Staying at home

Page last updated: 27 February 2017

The Australian Government recognises that many older Australians want to stay in their own homes as long as they can. By 2050, over 3.5 million Australians will access aged care each year with around 80 per cent of the services delivered in the community.

$955.4 million has been committed over five years to help people stay at home through:

  • streamlined access to entry-level care services through the Commonwealth Home Support Programme
  • more consumer directed Home Care Packages.

Help to Stay at Home

An aged care system to support people to stay at home longer, provide greater choice for consumers, make it easier to find information and access support, and improve the equity, quality and availability of aged care.

Continue reading about Help to Stay at Home.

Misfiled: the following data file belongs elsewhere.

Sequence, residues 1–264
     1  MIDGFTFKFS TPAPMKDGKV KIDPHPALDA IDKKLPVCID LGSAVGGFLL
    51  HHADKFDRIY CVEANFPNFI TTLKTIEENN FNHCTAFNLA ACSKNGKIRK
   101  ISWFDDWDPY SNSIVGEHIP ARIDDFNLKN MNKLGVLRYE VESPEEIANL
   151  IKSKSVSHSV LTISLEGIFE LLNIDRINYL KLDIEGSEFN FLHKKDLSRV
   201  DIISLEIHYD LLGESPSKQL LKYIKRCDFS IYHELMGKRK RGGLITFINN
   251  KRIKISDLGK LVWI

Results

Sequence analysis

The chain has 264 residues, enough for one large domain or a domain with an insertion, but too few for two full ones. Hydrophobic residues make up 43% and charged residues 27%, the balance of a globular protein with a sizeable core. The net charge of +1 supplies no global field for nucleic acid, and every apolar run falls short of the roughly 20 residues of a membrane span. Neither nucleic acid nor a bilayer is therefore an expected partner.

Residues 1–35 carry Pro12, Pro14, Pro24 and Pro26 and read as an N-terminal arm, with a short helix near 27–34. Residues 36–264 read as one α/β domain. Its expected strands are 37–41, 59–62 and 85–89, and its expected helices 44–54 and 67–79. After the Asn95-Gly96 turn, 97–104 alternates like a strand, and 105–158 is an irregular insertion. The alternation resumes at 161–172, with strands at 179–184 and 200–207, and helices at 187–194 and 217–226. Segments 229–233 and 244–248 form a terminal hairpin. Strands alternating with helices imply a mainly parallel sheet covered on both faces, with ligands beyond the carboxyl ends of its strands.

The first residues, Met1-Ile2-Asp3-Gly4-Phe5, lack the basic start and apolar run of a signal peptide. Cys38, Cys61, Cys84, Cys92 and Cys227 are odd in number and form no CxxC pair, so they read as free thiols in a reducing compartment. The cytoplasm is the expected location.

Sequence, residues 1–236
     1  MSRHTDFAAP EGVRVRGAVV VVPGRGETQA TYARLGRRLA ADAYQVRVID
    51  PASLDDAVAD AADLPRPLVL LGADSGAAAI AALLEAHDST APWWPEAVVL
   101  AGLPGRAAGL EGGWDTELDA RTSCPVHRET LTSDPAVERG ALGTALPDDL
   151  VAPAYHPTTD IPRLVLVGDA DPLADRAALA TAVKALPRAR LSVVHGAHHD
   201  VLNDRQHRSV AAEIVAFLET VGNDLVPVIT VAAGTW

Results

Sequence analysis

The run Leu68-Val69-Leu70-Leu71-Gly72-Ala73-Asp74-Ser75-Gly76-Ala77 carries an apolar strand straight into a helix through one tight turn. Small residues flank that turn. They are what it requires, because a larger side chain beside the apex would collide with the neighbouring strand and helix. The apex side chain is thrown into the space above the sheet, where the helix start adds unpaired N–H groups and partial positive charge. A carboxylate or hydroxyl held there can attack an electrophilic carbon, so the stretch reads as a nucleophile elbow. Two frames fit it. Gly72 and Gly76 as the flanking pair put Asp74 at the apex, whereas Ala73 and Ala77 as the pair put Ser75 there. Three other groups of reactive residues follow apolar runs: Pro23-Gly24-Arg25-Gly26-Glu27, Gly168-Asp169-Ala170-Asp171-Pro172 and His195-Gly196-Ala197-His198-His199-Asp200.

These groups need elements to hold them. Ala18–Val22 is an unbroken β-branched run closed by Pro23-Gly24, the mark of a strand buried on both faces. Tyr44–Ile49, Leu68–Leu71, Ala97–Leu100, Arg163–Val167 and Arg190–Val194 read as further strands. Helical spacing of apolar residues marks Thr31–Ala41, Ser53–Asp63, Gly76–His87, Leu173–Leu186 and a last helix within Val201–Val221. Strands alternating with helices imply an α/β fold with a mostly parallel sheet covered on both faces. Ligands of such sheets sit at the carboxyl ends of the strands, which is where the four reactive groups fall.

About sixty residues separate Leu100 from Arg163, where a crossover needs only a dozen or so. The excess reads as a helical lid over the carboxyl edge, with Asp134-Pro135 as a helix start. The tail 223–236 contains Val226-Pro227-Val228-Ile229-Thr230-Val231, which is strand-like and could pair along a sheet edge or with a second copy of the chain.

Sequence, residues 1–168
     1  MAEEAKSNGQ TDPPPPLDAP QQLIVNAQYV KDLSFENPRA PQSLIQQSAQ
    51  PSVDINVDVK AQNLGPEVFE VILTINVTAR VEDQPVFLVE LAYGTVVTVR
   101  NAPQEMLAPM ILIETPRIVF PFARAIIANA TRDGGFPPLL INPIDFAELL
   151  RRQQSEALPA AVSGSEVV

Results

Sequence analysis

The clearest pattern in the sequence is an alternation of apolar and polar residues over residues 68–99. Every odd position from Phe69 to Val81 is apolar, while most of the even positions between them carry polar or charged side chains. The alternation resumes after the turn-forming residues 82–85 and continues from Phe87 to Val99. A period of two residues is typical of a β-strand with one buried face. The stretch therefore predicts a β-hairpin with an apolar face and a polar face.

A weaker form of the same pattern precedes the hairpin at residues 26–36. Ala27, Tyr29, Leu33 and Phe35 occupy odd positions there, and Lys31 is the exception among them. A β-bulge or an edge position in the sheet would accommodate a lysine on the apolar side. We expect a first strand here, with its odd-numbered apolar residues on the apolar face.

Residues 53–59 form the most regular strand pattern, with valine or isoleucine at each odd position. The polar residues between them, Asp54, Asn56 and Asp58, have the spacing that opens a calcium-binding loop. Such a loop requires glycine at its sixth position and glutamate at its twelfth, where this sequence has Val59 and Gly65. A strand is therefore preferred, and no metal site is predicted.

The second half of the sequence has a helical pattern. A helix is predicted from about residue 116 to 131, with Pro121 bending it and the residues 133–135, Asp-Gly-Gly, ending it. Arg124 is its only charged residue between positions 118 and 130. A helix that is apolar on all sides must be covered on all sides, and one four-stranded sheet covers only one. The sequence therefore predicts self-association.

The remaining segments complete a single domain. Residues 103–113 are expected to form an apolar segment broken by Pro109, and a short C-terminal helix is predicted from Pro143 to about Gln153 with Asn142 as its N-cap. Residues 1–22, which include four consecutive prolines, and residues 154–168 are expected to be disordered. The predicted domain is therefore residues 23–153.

Commonwealth Home Support Programme

On 1 July 2015, the new Commonwealth Home Support Programme (CHSP) was introduced. The CHSP is one of the changes being made to help older people stay independent and in their homes and communities for longer. The CHSP consolidates the following four Commonwealth-funded home support programs into one streamlined and simplified program:

Consolidating these programs provides a comprehensive basic home support programme for older people to continue to live in the community and ease red tape for service providers.

*The consolidation of HACC into the CHSP does not apply in Victoria and Western Australia. HACC services continue to be delivered as a jointly funded Commonwealth-State program that provides services to older people and younger people with disabilities.

Home Care Packages

Home Care Packages, including all of the packages allocated to aged care providers in the 2012-13 Aged Care Approvals Round, must be offered to consumers on a Consumer Directed Care (CDC) basis.

Home Care Today is a national website that aims to support both consumers and home care providers to work together to implement consumer directed care in home care packages.